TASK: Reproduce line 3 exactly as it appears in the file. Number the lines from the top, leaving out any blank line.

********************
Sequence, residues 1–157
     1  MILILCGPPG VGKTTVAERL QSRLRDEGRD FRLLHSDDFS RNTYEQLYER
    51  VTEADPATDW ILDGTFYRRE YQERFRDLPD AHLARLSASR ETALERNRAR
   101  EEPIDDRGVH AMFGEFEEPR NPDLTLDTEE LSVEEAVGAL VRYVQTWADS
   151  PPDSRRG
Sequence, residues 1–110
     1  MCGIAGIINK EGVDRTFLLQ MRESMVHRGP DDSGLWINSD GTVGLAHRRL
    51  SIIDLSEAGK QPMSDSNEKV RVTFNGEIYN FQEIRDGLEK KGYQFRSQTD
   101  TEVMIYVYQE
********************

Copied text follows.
    51  VTEADPATDW ILDGTFYRRE YQERFRDLPD AHLARLSASR ETALERNRAR